Whatever be the date, is it celebrated and if so what is its impact are million dollar questions to be asked. Poetry is the mother of all literary forms, yet it is peculiar, in the sense that it can capture all the depths of life from the practical to the imaginary. Poetry is everlasting and always contemporary because it mainly caters to the emotions of people. Historical events, incidents, cultural milieu, civilizations, ways of life, philosophies, scientific theories etc. will change in life but human emotional experiences are the same always. Hence as long as humans live, poetry also lives, even though its importance may be sidelined a little bit due to a generation’s priorities be placed upon ultimate pleasures in life with a utilitarian outlook. Unfortunately that is the time we are passing through now and already there are signs that sooner than latter it will change and poetry will be danced once again among men.
Sandhya S.N & J.T Jayasingh
Manipur Assembly Election 2017 have come out with a shocking news that the human rights activists Irom Sharmila got only 90 votes. She observed 16 years of hunger strike against the Armed Forces (Special Protection) Act enforcement in the State. Section 4 of the act gives special powers to army officers in disturbed area to shoot (even if it kills) any individual who violates law / or is suspected to violate law etc. The only condition is that the officer has to give warning before opening fire. The act allows the army to arrest anybody without a warrant, and carry out searches without consent.
The Acts have received criticism from several sections for alleged concerns about human rights violations in the regions of its enforcement. Critics say that the law allows security forces to get away with no end of brutality. Reports from Manipur speak many stories of misusing the act to kill local people and unveiled many brutal rapes cases which veiled brilliantly under the protection of this act. This was the situation which forced Irom to observe hunger strike for about 16 years with a call to take back the AFSPA from Manipur.
The Manipur election results came up with the news that for the 5840 days long hunger strike she observed for the human rights of Manipuri people, they gave just 90 votes. She was contesting against Congress Chief Minister Okram Ibobi who got 18,649 votes. More people than those whoe casted their votes to Sharmila had voted NOTA in the election . It amounts to 143 people in the constituency.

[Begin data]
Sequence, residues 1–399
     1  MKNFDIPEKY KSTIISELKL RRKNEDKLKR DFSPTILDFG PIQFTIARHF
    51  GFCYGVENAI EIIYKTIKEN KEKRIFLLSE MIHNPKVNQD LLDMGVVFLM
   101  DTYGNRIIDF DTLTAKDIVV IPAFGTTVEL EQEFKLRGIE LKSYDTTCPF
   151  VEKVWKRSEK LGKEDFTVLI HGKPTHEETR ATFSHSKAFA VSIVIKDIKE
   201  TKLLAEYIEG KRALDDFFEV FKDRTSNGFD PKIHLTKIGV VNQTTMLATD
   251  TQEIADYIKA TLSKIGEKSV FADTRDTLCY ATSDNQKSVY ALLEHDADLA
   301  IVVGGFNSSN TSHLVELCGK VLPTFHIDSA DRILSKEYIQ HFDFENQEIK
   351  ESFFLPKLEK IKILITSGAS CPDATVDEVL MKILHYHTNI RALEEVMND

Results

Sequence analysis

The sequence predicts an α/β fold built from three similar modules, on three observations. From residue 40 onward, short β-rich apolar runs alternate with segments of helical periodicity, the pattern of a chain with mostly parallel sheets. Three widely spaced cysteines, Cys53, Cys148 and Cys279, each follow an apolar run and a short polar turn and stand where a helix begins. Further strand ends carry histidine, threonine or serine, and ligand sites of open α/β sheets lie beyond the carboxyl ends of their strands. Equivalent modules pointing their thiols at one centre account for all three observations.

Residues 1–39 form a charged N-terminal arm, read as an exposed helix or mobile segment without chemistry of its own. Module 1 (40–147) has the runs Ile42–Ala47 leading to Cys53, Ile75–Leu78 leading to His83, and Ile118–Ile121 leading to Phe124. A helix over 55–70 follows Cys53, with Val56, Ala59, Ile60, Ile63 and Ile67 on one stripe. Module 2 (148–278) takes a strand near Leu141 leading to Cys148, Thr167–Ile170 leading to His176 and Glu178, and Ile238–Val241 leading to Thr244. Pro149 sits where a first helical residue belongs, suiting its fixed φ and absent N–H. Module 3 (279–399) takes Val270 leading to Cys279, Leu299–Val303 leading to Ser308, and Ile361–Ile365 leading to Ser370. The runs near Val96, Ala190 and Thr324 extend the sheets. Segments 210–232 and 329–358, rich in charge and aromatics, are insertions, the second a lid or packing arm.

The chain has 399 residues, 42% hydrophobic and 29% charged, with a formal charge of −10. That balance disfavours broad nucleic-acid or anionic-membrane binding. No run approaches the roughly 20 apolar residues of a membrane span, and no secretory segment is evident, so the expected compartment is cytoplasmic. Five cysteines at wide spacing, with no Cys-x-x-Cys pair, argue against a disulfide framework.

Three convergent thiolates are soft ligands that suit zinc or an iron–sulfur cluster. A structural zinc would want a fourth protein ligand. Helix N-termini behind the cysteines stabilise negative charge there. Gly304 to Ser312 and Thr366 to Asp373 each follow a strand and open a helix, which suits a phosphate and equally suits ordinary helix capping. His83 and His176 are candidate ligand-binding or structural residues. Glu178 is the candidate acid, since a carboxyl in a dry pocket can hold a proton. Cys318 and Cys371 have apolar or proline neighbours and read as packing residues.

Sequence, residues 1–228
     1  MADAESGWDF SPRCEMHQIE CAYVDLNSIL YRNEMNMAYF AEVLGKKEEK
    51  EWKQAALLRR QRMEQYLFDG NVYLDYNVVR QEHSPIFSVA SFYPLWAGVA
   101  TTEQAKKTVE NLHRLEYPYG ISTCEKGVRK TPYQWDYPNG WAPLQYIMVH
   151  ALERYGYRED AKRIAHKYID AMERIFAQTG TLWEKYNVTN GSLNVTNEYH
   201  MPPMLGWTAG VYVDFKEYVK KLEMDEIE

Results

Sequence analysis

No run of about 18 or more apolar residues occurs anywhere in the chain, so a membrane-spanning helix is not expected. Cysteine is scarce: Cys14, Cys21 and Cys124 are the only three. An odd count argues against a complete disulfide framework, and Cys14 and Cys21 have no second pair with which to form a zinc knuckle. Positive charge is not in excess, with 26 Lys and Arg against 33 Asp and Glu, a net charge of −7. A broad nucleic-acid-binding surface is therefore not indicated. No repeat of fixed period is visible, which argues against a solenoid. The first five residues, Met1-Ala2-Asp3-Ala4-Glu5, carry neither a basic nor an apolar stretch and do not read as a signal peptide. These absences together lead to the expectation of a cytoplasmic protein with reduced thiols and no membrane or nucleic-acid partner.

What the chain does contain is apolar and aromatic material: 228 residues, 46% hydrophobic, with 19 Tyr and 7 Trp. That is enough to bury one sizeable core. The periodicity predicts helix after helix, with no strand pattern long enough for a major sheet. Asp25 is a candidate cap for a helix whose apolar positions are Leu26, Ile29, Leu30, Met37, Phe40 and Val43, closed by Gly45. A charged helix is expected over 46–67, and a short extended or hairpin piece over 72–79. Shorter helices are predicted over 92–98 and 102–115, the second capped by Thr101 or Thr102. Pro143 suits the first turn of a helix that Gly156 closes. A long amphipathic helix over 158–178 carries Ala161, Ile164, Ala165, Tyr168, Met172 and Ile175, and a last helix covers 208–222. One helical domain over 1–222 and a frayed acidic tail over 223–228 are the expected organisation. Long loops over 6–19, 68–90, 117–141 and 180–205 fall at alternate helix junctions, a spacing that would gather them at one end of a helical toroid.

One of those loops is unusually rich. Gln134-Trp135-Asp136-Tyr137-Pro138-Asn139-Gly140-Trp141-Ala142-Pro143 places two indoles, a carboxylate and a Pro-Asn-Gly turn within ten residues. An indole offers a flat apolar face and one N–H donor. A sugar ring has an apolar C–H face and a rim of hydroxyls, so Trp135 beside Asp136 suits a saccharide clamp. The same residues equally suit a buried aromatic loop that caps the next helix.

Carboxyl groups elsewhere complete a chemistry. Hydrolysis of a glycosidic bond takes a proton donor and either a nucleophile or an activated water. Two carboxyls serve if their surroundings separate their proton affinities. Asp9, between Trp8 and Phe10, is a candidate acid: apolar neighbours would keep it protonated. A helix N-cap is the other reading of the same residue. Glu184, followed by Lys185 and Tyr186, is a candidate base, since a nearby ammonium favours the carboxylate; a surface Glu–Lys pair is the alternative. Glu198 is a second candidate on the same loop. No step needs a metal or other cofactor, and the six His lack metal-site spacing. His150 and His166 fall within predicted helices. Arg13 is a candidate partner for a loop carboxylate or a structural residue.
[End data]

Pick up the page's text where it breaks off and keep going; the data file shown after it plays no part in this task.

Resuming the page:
Sharmila had said that money and muscle power were used in the election by other parties to win. A door-to-door campaign, speaking out against corruption, domestic violence and human rights violations, largely addressing an audience of women by her party, People’s Resurgence Justice Alliance was not enough to defeat the impressive support which Ibobi commanded in the Thoubal constituency. Ibobi won the seat after defeating BJP candidate L. Basant Singh by 10,400 votes.
Being a woman may also have been a factor for her defeat. Among the 268 candidates in these elections, there were only ten women candidates. The demonstrated national parties like the BJP and Congress brought forward only two women candidates each. This shows a clear signal of absence of women in the Manipuri politics. It also reveals that the politics of Manipur is still a man business.
This election result might have spoiled the hope of people’s movements all over the country. The defeat of Irom need to be seriously analysed with the less impacted dalit movements in Maharashtra which triggered discussions all over the country. The election results revealed the saffron sanghs swapped over a secular map. This reveals a fact that to counter act the evils of governance in a democratic country, people’s movements need to have a strong political apex.
Literature is not always the faithful reflection of contemporary society and life. If it is so, then there won’t be much difference between literature and history. Much of the reality in life is negative and uninspiring and though they have to be known to get corrected, sometimes they represent darker sides of life which may lead to despair. Great books do much more than reflection of life. They bring fresh thoughts and set new standards and ideals and thereby inspire millions to come out of the shackles of life. The writings of Rabindranath Tagore, Khalil Gibran, William Wordsworth, Pablo Neruda and many more belong to this category. Hence the books that make positive changes in human lives are, no doubt, the greatest books. These are the third category of books mentioned by Sir. Francis Bacon: “a few books are to be chewed and digested.” Besides literary books, some motivational books which teach how to lead a meaningful life play a vital role in society building. Indian ruminations always encourage writings that move life irrespective of their genre.